Synapse-Centric mapping of cortical models to the spiNNaker neuromorphic architecture

Knight, James C and Furber, Steve B (2016) Synapse-Centric mapping of cortical models to the spiNNaker neuromorphic architecture. Frontiers in Neuroscience, 10. a420. ISSN 1662-453X

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Abstract

While the adult human brain has approximately 8.8 × 1010 neurons, this number is dwarfed by its 1 × 1015 synapses. From the point of view of neuromorphic engineering and neural simulation in general this makes the simulation of these synapses a particularly complex problem. SpiNNaker is a digital, neuromorphic architecture designed for simulating large-scale spiking neural networks at speeds close to biological real-time. Current solutions for simulating spiking neural networks on SpiNNaker are heavily inspired by work on distributed high-performance computing. However, while SpiNNaker shares many characteristics with such distributed systems, its component nodes have much more limited resources and, as the system lacks global synchronization, the computation performed on each node must complete within a fixed time step. We first analyze the performance of the current SpiNNaker neural simulation software and identify several problems that occur when it is used to simulate networks of the type often used to model the cortex which contain large numbers of sparsely connected synapses. We then present a new, more flexible approach for mapping the simulation of such networks to SpiNNaker which solves many of these problems. Finally we analyze the performance of our new approach using both benchmarks, designed to represent cortical connectivity, and larger, functional cortical models. In a benchmark network where neurons receive input from 8000 STDP synapses, our new approach allows 4× more neurons to be simulated on each SpiNNaker core than has been previously possible. We also demonstrate that the largest plastic neural network previously simulated on neuromorphic hardware can be run in real time using our new approach: double the speed that was previously achieved. Additionally this network contains two types of plastic synapse which previously had to be trained separately but, using our new approach, can be trained simultaneously.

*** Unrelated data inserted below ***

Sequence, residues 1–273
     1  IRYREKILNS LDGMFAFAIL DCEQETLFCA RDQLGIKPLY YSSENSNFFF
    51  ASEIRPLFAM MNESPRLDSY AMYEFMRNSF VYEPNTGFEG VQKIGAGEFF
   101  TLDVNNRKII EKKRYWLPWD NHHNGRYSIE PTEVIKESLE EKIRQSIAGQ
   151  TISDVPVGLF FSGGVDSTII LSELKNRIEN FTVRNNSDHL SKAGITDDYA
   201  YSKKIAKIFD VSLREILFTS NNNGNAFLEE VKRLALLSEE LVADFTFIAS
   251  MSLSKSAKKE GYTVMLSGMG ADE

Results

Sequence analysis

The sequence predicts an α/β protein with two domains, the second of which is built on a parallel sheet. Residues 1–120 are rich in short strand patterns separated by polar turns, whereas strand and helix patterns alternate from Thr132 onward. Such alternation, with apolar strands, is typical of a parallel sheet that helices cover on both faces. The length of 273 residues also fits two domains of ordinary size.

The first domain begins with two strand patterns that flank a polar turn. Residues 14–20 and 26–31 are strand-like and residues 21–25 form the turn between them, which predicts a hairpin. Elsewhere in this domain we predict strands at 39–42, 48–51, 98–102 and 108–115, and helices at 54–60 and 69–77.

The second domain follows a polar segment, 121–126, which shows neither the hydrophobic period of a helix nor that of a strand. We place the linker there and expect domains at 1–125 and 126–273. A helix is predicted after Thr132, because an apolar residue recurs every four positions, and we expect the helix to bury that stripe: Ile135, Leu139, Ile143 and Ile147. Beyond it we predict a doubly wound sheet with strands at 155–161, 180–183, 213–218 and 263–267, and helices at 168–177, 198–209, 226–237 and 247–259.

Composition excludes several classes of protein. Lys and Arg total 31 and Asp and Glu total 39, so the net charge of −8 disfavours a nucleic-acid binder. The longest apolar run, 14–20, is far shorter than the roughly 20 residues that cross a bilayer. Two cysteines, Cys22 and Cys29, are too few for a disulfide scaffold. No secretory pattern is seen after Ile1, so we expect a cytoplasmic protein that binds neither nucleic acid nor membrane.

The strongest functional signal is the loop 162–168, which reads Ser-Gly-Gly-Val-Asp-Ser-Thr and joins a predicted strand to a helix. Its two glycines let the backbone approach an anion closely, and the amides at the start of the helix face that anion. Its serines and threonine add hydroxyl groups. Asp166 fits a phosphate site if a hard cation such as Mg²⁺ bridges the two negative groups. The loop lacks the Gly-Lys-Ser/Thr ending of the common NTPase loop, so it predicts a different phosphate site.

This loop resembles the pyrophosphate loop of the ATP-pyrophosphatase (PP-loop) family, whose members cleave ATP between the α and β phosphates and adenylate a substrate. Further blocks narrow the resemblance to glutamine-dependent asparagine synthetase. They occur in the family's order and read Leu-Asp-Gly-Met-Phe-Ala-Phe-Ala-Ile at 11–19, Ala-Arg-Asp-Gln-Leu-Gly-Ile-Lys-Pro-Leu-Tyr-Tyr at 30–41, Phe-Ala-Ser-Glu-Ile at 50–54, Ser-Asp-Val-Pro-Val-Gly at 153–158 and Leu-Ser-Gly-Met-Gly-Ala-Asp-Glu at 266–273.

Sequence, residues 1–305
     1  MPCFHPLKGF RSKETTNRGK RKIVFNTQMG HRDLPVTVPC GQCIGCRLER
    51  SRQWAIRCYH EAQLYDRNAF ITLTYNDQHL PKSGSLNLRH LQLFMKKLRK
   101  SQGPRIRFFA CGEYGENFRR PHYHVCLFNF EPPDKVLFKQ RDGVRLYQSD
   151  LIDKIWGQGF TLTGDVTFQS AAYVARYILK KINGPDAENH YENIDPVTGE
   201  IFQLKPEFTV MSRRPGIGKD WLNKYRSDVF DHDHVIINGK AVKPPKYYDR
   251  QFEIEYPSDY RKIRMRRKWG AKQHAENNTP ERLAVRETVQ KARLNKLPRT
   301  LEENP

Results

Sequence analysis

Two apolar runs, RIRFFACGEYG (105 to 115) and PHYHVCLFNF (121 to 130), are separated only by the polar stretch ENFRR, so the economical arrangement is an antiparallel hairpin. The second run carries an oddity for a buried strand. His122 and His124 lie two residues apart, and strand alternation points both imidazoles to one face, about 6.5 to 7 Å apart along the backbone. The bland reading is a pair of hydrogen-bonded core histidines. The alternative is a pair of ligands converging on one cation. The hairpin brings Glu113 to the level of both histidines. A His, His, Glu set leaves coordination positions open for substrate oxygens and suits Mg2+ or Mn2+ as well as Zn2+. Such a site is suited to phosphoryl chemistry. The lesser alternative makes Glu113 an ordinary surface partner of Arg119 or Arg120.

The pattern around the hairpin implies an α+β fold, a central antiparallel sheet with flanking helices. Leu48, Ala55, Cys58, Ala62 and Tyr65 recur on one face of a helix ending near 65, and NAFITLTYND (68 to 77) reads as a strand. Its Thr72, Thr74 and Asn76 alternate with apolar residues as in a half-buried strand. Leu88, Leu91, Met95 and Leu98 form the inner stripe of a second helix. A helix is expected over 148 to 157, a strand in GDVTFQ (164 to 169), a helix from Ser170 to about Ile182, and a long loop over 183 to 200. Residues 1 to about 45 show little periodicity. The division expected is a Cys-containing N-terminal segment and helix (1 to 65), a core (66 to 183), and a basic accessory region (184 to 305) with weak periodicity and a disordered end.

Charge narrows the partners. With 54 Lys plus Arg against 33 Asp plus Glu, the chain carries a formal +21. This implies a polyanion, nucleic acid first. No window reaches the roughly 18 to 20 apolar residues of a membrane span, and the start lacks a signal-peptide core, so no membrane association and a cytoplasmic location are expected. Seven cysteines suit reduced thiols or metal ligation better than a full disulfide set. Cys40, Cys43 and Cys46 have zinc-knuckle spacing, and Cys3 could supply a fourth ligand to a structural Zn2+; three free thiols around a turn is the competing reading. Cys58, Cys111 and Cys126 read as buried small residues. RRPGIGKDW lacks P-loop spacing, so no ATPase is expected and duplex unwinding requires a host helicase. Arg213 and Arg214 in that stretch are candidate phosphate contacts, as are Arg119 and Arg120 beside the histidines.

Item Type: Article
Schools and Departments: School of Engineering and Informatics > Informatics
Research Centres and Groups: Sussex Neuroscience
Depositing User: James Knight
Date Deposited: 18 Jul 2017 09:35
Last Modified: 18 Jul 2017 09:40
URI: http://sro.sussex.ac.uk/id/eprint/69139

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